The list of references is placed at the end of the dissertation (in alphabetical order of
first author’s surname), as follows:
For a journal: Smith, S. (1997) “The Effects of Shoe Size on Consumer
Behaviour”, Journal of International Shoe Manufacturers, Vol. 34, No. 45, pp
23-45.
For a textbook: Smith, S. (1997) Strategy, Marketing and Consumers, Paisley,
Academic Free Press, 7th edition.
If you are only referring to a small portion of a large text, then you must specify
which parts are relevant by adding either the chapters, “chapters 4 and 6”, to which
you are referring, or the appropriate pages (Smith 1997 pp 126-341).
6.3. Text notes.
Text notes can provide additional information on points made in the text of the
dissertation. They may be presented as footnotes or as endnotes, either of which
should be kept to a minimum. Neither footnotes nor endnotes should be used,
however, if the sole purpose is to give a page or reference, these should be presented
as parenthetical insertions into the main text of the dissertation. Articles and books
mentioned in the text, including text notes, should be identified by the author’s name
and the year of publication. The title of the article or book should then be listed in the
dissertation’s list of references.
7. Attribution and Plagiarism
Plagiarism occurs when students attempt to pass off someone else’s work as their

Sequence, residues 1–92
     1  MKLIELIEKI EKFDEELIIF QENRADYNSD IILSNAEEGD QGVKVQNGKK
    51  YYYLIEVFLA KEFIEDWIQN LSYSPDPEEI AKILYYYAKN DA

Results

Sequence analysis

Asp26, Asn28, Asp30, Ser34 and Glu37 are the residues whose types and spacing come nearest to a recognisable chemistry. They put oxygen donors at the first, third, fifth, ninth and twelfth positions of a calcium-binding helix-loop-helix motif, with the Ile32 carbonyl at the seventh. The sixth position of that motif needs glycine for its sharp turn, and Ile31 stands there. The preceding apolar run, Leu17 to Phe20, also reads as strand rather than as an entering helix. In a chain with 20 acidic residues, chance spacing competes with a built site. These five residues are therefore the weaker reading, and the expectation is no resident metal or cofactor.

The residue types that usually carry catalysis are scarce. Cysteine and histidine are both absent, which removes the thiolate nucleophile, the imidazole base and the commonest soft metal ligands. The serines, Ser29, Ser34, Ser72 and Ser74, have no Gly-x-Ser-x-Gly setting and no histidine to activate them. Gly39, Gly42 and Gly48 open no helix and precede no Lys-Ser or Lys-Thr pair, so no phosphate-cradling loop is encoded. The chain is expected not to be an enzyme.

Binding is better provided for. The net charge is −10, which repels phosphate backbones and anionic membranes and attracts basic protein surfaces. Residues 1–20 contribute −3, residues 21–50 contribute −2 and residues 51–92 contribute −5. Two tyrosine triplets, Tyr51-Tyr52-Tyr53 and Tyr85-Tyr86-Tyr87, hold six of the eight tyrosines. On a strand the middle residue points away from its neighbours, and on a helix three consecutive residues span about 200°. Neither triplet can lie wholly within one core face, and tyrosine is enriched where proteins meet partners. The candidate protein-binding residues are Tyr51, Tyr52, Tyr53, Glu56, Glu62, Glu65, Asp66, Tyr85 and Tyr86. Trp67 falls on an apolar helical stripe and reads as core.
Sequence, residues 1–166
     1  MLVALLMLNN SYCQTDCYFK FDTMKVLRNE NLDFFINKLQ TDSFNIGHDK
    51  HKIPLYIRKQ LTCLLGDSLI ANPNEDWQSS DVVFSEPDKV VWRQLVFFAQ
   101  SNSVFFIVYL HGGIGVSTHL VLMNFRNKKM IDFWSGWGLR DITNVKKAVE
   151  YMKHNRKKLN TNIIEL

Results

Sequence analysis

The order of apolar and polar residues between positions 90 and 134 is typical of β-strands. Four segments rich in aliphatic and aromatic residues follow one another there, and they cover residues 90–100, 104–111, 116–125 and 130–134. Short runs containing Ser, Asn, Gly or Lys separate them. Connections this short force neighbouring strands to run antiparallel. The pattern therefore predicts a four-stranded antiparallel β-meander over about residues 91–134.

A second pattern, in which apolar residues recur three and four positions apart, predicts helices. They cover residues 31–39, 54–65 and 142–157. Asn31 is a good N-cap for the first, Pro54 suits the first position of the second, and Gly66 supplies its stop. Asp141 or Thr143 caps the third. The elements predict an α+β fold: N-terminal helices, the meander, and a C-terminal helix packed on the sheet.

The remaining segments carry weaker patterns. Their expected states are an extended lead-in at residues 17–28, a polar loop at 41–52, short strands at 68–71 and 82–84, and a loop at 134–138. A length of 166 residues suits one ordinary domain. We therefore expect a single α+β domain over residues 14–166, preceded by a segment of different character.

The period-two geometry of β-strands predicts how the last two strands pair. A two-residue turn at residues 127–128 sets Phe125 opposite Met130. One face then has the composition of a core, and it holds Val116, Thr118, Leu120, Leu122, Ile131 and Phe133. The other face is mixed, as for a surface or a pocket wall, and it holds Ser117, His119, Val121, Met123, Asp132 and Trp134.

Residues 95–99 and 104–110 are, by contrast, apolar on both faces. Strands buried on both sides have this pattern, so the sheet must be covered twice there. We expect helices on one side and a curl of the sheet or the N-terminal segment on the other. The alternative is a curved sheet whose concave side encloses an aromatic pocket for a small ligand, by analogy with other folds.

own. Typically, sections of text are taken verbatim from another person’s work
without proper attribution being given. This is a form of cheating and the University
takes a very serious view regarding any student involved in cheating (University
Ordinance No. 9 http://www.hw.ac.uk/ordinances/ordinances.pdf). Severe penalties
17
will be applied. The University will use reference checking software Turnitin to
ensure that dissertations are correctly and fully referenced.
See http://www.hw.ac.uk/registry/resources/PlagiarismGuide.pdf
When the work of others is used, a direct quotation, a figure or a general idea, it must
be acknowledged in the text and list of references. Quotation marks should always be
used to indicate direct quotations. If students are in any doubt as to what constitutes
plagiarism they are advised to consult their dissertation advisor or Programme
Director.
You must submit your completed dissertation to TURNITIN before submission and
append the report in loose-leaf format to a copy of your dissertation on submission.
8. Confidentiality
If the material in a dissertation is regarded as confidential, the student should mark the
text ‘CONFIDENTIAL’ on the front cover when it is submitted. In this event the
dissertation will be seen only by members of the Board of Examiners and
administrative staff and it will be kept secure, away from those available for
consultation. No one outside the Board of Examiners and administrative staff will be
allowed to see the dissertation unless they are given written permission by the student
and Programme Director. Requests to see such dissertations are almost universally
refused. Such dissertations will be kept secure for a period of 2 years only, unless the
student specifically requests a security classification to be applied for a longer period.
9. Ethics
Every student proceeding with a dissertation is required to fill in an ethics form in
partnership with the nominated supervisor. A copy of the Applications Form for
Departmental Ethics Committee Approval can be downloaded from
[www.sml.hw.ac.uk/forms/ethics/pg.html]. It is the supervisor’s responsibility to
ensure that this form is completed well in advance of the fieldwork.
No dissertation will be allowed to proceed which specifically seeks to conduct
primary research amongst participants under the age of 16 or over the age of 65.